On Orange Shirt Day, Penny Constant can’t help but think of her father, a residential school student.
As an adult, he rarely spoke about his experience before he passed away. Now, Constant said she’s only starting to understand how the experience affected him and his children.
“When we were young children, he wouldn’t speak his Cree language around us,” Constant remembered. “He was taught to be ashamed of it. Now, as an adult, when I hear people speaking the language, there’s a yearning to know what they’re saying, to be able to speak the language.”
Constant isn’t alone either. On Wednesday, she was one of many Prince Albert residents who came out to participate in the Prince Albert Grand Council’s honour walk in memory of the victims of residential schools.
Participants included everyone from local Prince Albert residents like her, to former pro hockey player Fred Sasakamoose—the first Indigenous player to suit up for an NHL team.
Constant stressed that the walk isn’t about pity. The goal is to honour the students who died during their residential school experience, and help educate the rest of Canada about how those experiences still affect the country today.
“It’s not the pity that we look for—it’s understanding and compassion,” she explained. “We didn’t choose this way of life. We didn’t choose for our ancestors to lose their parenting skills, our traditions and our culture, because that’s one of the things—as an Indigenous person—I’m just learning the value of.”
The first residential school opened in Brantford, Ont. in 1831. At its peak, there were 80 schools in operation in every province and territory except Newfoundland, Prince Edward Island and New Brunswick.
A total of 130 schools were opened in Canada, with the last one closing in Punnichy, Sask. in 1996. It’s estimated that more than 6,000 children died while attending those schools, a number partially based on government records.
“We try to make people aware that this did happen. We try to make people understand,” said George Mirasty, a residential school survivor from Prince Albert. “(Orange Shirt Day) brings back memories. I remember looking north. I knew that’s where my home was when I was about six years old, when I was taken away.”
These days, Mirasty works as a residential school worker, who helps former students deal with the trauma they experienced in those schools. He describes his work as emotional support, and said Canadian residents need to realize that a lot of Indigenous people are still working through those negative experiences.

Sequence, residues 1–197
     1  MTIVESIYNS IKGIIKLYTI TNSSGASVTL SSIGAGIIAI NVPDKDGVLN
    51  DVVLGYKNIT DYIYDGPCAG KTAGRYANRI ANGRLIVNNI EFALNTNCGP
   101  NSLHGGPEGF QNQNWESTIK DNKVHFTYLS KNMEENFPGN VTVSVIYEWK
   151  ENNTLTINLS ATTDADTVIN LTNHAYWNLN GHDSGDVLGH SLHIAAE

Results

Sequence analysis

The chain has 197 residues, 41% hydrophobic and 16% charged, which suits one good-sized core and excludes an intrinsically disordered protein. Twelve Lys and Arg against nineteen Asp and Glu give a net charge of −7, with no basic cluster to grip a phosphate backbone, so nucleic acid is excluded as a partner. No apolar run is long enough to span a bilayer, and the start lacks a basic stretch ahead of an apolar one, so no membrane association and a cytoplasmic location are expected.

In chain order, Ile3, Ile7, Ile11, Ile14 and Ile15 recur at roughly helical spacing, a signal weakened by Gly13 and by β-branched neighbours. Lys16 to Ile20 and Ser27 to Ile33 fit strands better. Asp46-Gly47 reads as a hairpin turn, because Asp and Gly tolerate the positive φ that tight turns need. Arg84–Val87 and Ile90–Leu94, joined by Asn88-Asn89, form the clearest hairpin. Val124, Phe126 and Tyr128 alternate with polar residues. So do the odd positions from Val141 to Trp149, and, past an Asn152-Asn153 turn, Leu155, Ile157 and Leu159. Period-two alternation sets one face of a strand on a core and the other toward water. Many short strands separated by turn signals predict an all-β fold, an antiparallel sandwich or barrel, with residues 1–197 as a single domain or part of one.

They also need to realize a lot of students who died, and walks like this one help honour their memory.
“It symbolizes all the ones … that did go to school and while they were in school, there were some that didn’t make, it,” he said. “It’s sort of a memorial.”
Both Mirasty and Constant say they hope Canadian residents will take the initiative to learn about residential schools and the impact they had on Indigenous people. They say it’s shouldn’t be left to the schools to simply teach the history. It needs to be talked about in the justice system, the law enforcement system, the business world and at home.
“I think that’s a big part of education,” Constant said. “It’s not only in the school system, but in all our systems.”
The Orange Shirt Day movement began in 2013 in honour of Phyllis Webstad, an Indigenous girl who attended St. Joseph Mission Residential School in Williams Lake, B.C. Webstad was six years old, and arrived at school wearing a brand new orange shirt, but the mission oblates took her new shirt and replaced it with a school uniform. Webstad would later remember her one year at St. Joseph as one of the worst of her life.
“That feeling of worthlessness and insignificance ingrained in me from my first day at the mission affected the way I lived my life for many years,” Webstad later said. “Even now, when I know nothing could be further from the truth, I still sometimes feel that I don’t matter.”